**Question:** What do we know about the Hamming distance d(x,y)?

**Answer:**

- It is non-negative: d(x,y) ≥ 0
- It is only zero for identical inputs: d(x,y) = 0 ⇔ x = y
- It is symmetric: d(x,y) = d(y,x)
- It obeys the triangle inequality, d(x,z) ≤ d(x,y) + d(y,z)

**Question:** Why do we care?

**Answer:** Because it means that the Hamming distance is a *metric* for a *metric space*. There are algorithms for indexing metric spaces.

You can also look up algorithms for "spatial indexing" in general, armed with the knowledge that your space is not Euclidean but it *is* a metric space. Many books on this subject cover string indexing using a metric such as the Hamming distance.

**Footnote:** If you are comparing the Hamming distance of fixed width strings, you may be able to get a significant performance improvement by using assembly or processor intrinsics. For example, with GCC (manual) you do this:

```
static inline int distance(unsigned x, unsigned y)
{
return __builtin_popcount(x^y);
}
```

If you then inform GCC that you are compiling for a computer with SSE4a, then I believe that should reduce to just a couple opcodes.

*Edit:* According to a number of sources, this is sometimes/often slower than the usual mask/shift/add code. Benchmarking shows that on my system, a C version outperform's GCC's `__builtin_popcount`

by about 160%.

**Addendum:** I was curious about the problem myself, so I profiled three implementations: linear search, BK tree, and VP tree. Note that VP and BK trees are very similar. The children of a node in a BK tree are "shells" of trees containing points that are each a fixed distance from the tree's center. A node in a VP tree has two children, one containing all the points within a sphere centered on the node's center and the other child containing all the points outside. So you can think of a VP node as a BK node with two very thick "shells" instead of many finer ones.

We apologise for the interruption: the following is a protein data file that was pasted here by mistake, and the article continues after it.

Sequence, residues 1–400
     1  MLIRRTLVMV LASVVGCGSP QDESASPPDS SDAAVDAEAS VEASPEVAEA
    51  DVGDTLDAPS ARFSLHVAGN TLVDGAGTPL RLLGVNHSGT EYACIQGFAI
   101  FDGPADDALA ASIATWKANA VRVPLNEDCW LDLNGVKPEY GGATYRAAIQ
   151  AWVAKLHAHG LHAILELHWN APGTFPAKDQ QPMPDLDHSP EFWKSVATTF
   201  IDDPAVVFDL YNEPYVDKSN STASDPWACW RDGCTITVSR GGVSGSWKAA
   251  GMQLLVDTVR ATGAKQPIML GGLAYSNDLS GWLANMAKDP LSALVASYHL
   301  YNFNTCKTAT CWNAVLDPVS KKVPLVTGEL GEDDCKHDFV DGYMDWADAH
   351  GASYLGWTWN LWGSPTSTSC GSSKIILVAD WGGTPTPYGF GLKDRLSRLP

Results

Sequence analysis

The results were captured on my 3.2 GHz PC, and the algorithms do not attempt to utilize multiple cores (which should be easy). I chose a database size of 100M pseudorandom integers. Results are the average of 1000 queries for distance 1..5, and 100 queries for 6..10 and the linear search.

- Database: 100M pseudorandom integers
- Number of tests: 1000 for distance 1..5, 100 for distance 6..10 and linear
- Results: Average # of query hits (very approximate)
- Speed: Number of queries per second
- Coverage: Average percentage of database examined per query

-- BK Tree -- -- VP Tree -- -- Linear --
Dist Results Speed Cov Speed Cov Speed Cov
1 0.90 3800 0.048% 4200 0.048%
2 11 300 0.68% 330 0.65%
3 130 56 3.8% 63 3.4%
4 970 18 12% 22 10%
5 5700 8.5 26% 10 22%
6 2.6e4 5.2 42% 6.0 37%
7 1.1e5 3.7 60% 4.1 54%
8 3.5e5 3.0 74% 3.2 70%
9 1.0e6 2.6 85% 2.7 82%
10 2.5e6 2.3 91% 2.4 90%
any 2.2 100%

In your comment, you mentioned:

I think BK-trees could be improved by generating a bunch of BK-trees with different root nodes, and spreading them out.

I think this is exactly the reason why the VP tree performs (slightly) better than the BK tree. Being "deeper" rather than "shallower", it compares against more points rather than using finer-grained comparisons against fewer points. I suspect that the differences are more extreme in higher dimensional spaces.

A final tip: leaf nodes in the tree should just be flat arrays of integers for a linear scan. For small sets (maybe 1000 points or fewer) this will be faster and more memory efficient.